Most of the rules are about the “embedment” action. If all the cells under the piece are full (grey-colored) – then the placement takes place and these cells are cleared. Otherwise, the move fails. In the real prototype, Klanac believed, four background cells remained untouched, the piece disappeared and then the entire playfield got “reversed”: all the no-empty cells turned empty and empty cells – no-empty. Now, Klanac changed this rule a bit, but historically that is what has been implemented.

Later this “Reverse” procedure was implemented in a prototype as a separate action that the player can perform with a certain button anytime during the move. The reason for that was to let the player keep playing if he “ate” almost all the garbage and there is no area for the piece placement.  The number of these “Reverse” actions was assigned limited – 15 or 20. After they are exhausted, the “Game over” happens.

The extra rule was about the collapse of the empty lines. There was no need for this feature, but the great emotional effect made Klanac really want it in a new version. The collapse rule is very simple – if the line of garbage is cleared,  then it collapses as in the original game. The only question is about the liberated space on top of the playing field. He decided to make it completely unplayable afterward. No placement is allowed there and no reversing of the cells. So, the collapse of the line literally shrinks the playing field, showing real progress in the gameplay and making a game harder and harder. Klanac thinks it was a very good decision.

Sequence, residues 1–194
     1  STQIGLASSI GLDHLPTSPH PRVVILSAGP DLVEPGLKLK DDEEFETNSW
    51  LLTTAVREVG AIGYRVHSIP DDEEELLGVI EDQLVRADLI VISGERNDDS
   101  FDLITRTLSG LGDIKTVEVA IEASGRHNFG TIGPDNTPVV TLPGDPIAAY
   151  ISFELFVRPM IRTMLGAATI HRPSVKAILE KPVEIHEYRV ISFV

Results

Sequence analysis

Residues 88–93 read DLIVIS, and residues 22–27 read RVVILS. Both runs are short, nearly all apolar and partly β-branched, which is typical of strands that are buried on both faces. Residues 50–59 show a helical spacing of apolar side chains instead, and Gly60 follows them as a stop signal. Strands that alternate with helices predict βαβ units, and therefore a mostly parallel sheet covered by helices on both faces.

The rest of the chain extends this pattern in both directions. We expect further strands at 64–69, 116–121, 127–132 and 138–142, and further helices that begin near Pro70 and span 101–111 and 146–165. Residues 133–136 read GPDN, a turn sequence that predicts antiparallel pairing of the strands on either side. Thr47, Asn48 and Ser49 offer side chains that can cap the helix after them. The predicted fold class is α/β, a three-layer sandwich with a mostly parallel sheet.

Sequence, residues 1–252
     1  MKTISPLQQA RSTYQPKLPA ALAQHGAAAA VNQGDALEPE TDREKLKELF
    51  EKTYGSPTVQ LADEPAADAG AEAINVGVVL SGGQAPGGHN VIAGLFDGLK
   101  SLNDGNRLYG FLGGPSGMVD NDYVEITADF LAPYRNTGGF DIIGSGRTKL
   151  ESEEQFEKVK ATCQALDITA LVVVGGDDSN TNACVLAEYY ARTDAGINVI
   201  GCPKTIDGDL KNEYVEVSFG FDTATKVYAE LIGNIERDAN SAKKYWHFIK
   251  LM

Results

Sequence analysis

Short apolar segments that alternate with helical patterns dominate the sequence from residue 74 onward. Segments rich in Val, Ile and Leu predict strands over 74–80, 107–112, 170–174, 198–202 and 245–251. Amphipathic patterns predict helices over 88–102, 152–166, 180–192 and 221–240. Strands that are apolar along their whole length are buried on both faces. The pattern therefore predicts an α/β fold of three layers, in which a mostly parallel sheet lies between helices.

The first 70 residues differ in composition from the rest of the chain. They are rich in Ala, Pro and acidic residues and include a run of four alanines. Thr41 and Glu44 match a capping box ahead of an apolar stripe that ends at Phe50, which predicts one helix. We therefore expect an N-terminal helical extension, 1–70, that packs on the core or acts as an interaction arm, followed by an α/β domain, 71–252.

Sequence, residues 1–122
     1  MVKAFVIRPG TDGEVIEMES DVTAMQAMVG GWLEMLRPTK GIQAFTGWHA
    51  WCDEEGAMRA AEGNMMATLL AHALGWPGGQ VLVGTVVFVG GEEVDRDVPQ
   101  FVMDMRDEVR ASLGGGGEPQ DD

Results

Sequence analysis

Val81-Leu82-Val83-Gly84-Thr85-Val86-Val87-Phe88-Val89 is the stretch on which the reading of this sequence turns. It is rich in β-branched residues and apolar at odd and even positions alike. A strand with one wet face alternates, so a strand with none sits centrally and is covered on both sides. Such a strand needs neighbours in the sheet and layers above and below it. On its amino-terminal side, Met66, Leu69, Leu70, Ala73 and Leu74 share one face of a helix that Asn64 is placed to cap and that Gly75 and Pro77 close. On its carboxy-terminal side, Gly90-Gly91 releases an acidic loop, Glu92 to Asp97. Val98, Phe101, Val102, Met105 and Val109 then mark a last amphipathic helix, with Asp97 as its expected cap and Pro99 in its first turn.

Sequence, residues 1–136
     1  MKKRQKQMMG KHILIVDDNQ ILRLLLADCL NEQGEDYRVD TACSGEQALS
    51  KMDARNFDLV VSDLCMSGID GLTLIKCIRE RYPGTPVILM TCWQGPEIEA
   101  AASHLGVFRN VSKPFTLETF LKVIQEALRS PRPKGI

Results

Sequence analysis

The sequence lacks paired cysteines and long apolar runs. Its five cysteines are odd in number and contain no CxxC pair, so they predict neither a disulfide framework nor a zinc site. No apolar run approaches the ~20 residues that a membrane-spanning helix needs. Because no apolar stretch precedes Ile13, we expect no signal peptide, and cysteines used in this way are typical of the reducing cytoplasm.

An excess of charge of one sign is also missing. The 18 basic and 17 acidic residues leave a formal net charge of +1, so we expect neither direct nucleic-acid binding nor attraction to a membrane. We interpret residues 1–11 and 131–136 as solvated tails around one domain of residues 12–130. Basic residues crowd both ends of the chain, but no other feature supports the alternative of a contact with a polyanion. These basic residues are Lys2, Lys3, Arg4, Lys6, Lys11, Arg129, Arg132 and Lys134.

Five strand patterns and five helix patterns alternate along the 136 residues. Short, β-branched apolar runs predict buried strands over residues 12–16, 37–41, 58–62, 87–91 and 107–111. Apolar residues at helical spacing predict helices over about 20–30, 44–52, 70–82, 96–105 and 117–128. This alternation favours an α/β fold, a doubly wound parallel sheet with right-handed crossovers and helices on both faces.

Tetris Reversed

Klanac said it is called Tetris Reverse because it introduces a reversing mechanic where there are two conditions. You can reverse the board, which literally means inverse, or reversing light and dark cells.

That is, the board flips so that the area where a block can flow down in the open-air space becomes an obstacle, and the former obstacles become open spaces on the board.

On the right side of the screen, you see the number of reverses that you’re still left with and how many times you can still reverse. If a piece falls from the top all the way down to the bottom and you don’t place that block, then it will automatically reverse the game.

The idea is to survive as long as you can.

Pajitnov remembered working with de Ronde, asking him to re-create the prototype that Pajitnov had created. Klanac, through de Ronde, promised to work on two versions of the prototype. Then the project just stopped going forward.

“I had almost completely forgotten about its existence,” Pajitnov said.

Now he wonders if the game can be published as it is today.

“Basically, it’s another version of Tetris,” said Pajitnov.

Pajitnov said he was glad the prototype will be preserved for history. As for the current nostalgia around Tetris, he said it’s nice that Tetris is still alive.

“I’m sure there is going to be enormous interest as there is a new prototype that people don’t know anything about,” Pajitnov said.

[ad_2]

Source link

You might also like
Leave A Reply

Your email address will not be published.